Heinrich Luitpold Himmler was Reichsführer of the Schutzstaffel (Protection Squadron) during the Nazi reign. He was also an occultist. Himmler worshipped Ariosophy – the mythology of an Aryan master-race. The Nazis had just adopted the Buddhist swastika from India as their national symbol. They turned it right-wielding. [Most swastikas you see of Buddhism in temples across East-Asia are left-wielding]. Himmler believed in Germany’s unbroken brotherhood with Tibet, a Buddhist nation – and a sage culture, one of the main reasons why today’s Germany still has an intense sympathy for the Tibetans who should not be part of China, the one Eastern competitor that by its sheer size and dominance threatens Germany’s self-image as the peak of human achievement. Himmler – together with Rudolf Hess, Hitler’s Deputy in the NSDAP – approved three German expeditions to the Himalaya kingdom in 1930, 1934-35, and again in 1938-1939. The mission’s mission was to search for the mythical kingdom of the saints – Shambhala. Again, the obsession with holiness, that transcends all German thought. Sino-Tibetan mythology had sages, not saints. The word saint is unknown in Tibetan language. Besides, a saint is heavily burdened by European/Christian culture. The sages ruled in Shambhala, not saints. But Germany had no concept for sages and sagehood, and therefore searched for Tibet’s Heiligen.
Many of the German missionaries and travel writers, even if they had nothing to do with academic orientalism, nevertheless belonged to the class of sponsors in German orientalism. Germany had inherited its obsession for holiness since its beginnings as the Holy Roman Empire of German Nation. Heilige were everywhere, and everything was heilig. Geek philosophy and Christianity was all they knew and think of, and the Germans projected it onto the world. The Protestant Reformation by Martin Luther and his translation of the Bible into German had a tremendous effect on the German psyche.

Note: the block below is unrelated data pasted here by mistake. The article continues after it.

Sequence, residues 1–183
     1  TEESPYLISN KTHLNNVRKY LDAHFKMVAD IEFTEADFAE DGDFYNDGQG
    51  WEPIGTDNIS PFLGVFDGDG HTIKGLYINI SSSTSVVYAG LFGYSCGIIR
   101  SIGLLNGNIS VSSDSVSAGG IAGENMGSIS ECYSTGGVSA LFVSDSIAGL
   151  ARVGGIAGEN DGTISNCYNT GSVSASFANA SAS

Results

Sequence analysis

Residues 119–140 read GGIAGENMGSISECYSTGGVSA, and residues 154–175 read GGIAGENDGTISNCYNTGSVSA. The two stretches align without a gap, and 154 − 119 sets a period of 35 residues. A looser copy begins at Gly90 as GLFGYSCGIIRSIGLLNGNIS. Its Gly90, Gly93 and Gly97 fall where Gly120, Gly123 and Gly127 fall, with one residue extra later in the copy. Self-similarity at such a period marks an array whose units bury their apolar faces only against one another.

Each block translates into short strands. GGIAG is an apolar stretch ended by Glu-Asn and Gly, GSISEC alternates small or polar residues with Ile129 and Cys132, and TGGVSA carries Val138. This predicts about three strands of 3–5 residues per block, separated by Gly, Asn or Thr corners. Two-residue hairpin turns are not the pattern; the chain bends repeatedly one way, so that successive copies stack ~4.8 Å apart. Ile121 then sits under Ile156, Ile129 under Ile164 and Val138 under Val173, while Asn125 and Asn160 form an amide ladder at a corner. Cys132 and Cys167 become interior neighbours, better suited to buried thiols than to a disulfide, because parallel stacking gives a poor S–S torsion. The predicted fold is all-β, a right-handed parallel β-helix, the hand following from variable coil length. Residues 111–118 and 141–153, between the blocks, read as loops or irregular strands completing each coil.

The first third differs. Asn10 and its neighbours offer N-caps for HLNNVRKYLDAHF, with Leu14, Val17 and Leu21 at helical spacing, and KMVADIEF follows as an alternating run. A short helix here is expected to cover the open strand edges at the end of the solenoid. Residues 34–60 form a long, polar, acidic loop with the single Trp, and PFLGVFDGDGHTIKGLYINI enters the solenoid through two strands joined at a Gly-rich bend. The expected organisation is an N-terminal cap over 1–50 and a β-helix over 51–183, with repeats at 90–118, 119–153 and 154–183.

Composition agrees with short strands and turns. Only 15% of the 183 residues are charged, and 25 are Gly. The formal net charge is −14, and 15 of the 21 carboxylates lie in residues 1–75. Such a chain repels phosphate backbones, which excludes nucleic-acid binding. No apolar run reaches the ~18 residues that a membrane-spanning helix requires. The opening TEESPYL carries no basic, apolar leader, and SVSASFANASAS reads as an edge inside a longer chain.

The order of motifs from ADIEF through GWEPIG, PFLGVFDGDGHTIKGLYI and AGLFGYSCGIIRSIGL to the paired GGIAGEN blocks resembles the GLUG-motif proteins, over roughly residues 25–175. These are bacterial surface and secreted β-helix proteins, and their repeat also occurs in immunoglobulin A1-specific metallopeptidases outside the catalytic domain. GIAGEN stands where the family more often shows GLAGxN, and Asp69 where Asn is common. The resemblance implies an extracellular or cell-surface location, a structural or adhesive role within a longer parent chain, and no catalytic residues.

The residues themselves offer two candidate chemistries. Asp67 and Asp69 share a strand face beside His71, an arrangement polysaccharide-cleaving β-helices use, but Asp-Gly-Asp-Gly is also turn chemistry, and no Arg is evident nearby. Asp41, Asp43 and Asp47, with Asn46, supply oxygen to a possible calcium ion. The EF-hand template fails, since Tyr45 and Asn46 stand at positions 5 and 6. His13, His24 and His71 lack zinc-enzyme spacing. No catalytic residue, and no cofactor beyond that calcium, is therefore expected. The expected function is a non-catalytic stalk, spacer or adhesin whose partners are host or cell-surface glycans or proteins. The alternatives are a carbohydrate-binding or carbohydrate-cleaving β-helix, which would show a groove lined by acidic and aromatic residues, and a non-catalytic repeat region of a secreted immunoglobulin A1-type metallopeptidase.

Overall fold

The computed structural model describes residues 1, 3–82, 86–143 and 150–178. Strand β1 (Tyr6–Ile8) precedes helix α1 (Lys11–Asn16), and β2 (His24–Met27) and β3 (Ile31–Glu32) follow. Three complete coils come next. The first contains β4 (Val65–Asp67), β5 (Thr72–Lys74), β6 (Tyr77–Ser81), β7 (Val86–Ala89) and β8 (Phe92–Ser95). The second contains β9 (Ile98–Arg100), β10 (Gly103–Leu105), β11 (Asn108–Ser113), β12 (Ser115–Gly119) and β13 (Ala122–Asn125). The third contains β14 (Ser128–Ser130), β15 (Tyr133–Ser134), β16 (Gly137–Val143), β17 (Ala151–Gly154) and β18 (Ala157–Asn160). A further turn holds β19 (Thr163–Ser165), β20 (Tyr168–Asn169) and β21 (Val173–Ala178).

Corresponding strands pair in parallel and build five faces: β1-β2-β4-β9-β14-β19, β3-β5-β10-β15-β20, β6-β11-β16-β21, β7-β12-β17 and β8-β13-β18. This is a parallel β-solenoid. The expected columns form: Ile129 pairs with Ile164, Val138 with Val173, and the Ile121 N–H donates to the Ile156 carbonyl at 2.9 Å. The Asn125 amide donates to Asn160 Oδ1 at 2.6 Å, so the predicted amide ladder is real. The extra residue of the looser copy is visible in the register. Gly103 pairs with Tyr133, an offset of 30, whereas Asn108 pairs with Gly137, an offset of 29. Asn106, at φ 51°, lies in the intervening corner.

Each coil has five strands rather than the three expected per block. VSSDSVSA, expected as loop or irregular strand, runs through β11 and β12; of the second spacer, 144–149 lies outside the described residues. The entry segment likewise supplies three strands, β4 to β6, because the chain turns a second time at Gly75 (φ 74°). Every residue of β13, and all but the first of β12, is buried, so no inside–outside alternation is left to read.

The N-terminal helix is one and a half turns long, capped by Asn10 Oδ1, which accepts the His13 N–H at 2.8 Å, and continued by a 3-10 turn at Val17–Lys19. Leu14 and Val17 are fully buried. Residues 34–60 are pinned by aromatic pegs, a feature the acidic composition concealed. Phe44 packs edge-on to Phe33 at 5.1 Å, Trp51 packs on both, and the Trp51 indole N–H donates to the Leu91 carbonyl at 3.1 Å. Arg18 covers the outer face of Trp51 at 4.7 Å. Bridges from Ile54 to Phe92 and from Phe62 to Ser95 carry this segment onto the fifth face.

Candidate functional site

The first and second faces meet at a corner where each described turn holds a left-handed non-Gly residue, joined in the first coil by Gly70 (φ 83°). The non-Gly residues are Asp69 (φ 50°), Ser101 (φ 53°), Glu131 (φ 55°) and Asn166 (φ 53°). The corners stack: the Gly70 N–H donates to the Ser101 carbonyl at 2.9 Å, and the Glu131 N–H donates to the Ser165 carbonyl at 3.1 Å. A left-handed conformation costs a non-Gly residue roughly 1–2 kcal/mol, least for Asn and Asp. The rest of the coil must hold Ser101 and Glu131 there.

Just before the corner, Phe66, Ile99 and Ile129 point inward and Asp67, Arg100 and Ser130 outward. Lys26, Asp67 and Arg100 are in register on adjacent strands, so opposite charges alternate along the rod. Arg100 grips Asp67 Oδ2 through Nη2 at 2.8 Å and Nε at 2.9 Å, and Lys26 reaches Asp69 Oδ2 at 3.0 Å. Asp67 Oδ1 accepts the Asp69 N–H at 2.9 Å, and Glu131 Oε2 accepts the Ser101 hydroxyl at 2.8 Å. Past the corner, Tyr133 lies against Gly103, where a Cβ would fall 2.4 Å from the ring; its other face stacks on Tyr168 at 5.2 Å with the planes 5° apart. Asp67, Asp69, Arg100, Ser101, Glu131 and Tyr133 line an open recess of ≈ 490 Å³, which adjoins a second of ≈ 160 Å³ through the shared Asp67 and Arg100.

In his essay with the fitting headline Zur Geschichte der Religionen und Philosophie, the poet Heinrich Heine once hailed Luther as the ‘gottberauschter Prophet’ [a prophet intoxicated by God], gifted with ‘kalter scholastischer Wortklauber’ [a cold and scholastic quibbler] and equipped with the ‘Schwert der Zeit’ [the sword of time]. The possibilities of godless sages and sageness had never come to the Christian mind. Naturally, everything that an Englishman called – without thinking too much – a sage, a German thinker would correct: No, no, it’s a holy man! Logically impossible, because Christianity came to China from the West, the Germans miraculously found biblical patterns all over the China already: Confucius, Mencius, and Laozi, Chinese shengren, were all called ‘Heilige’ (Schott, 1826; Grube, 1902; Haas, 1920; Wilhelm, 1925; Biallas, 1928.). Hindu deities, buddhas, bodhisattvas and even Brahmans were called ‘Heilige’ too. The Lamas of Tibet were called Heilige and even addressed as ‘Ihre Heiligkeiten.’
Pattberg, Thorsten (2011), Shengren – Above Philosophy and Beyond Religion, LoD Press, New York